4. Mike Gesicki – Arguably the best receiving threat at the tight end position, Gesicki is a major liability in the run game. This is due to his inability to find players to block, and he lacks the footwork and agility to adjust to his bad blocking angles. He is an amazing athlete, showing impeccable speed, strength, and explosiveness. He is a very good route runner who can sell fakes and make smooth cuts, although he doesn’t make sudden cuts. He catches with his body more than necessary, but he has shown the ability to catch well with his hands. He generally lines up off the line, enabling him to be split out wide or come to block across the formation. He is at his best with the ball in the air, showing the talent to be an elite receiving threat in the redzone. His body control is outstanding, and he can adjust to poorly thrown balls very well. Additionally, he is amazing at high-pointing the ball and winning jump balls. He can use his size to body away defenders well. However, his hands are somewhat inconsistent and he can struggle with drops. He is built and plays like a tight end that will fit in today’s NFL, but the major holes in his game will be a problem for most teams.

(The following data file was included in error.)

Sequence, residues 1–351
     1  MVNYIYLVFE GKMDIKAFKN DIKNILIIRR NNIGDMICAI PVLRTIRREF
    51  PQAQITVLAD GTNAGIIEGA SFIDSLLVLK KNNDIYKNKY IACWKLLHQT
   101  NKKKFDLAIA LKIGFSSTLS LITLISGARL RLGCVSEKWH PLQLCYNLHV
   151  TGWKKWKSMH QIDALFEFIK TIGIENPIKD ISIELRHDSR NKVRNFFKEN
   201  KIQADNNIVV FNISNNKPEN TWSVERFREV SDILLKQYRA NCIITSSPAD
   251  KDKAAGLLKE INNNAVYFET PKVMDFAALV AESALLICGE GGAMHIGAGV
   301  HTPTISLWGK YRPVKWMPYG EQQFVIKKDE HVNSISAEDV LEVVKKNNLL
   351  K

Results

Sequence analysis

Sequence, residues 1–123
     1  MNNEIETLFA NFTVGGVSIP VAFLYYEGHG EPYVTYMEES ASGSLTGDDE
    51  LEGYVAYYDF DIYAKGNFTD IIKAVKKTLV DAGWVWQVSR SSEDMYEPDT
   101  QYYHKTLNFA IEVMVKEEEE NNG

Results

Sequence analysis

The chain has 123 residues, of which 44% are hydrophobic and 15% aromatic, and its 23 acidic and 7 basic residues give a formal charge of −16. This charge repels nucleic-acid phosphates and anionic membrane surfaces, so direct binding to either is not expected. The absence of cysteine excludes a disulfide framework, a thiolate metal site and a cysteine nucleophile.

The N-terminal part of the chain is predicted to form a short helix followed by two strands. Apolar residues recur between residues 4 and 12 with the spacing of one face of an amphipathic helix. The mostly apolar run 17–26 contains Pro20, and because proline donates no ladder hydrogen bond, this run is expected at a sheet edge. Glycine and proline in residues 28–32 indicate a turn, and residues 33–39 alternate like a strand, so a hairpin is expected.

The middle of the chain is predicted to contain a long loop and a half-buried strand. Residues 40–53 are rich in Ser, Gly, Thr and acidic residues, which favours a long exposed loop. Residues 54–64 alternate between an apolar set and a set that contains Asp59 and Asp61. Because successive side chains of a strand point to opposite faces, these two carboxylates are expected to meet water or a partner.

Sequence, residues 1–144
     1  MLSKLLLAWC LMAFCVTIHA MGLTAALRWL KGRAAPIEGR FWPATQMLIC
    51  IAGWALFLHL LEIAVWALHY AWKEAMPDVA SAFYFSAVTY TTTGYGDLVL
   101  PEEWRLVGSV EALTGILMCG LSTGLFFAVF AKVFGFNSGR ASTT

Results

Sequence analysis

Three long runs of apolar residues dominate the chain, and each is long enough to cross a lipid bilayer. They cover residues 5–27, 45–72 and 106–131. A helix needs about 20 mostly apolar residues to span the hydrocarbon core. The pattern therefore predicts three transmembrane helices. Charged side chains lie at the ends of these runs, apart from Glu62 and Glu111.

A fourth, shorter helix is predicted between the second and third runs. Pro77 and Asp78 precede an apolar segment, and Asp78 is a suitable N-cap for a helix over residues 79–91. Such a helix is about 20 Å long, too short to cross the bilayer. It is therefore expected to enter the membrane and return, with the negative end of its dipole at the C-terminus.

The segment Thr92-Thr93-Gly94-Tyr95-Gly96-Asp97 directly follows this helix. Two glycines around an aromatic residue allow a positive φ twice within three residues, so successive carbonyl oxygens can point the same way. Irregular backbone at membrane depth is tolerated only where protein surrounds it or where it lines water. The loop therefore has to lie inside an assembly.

B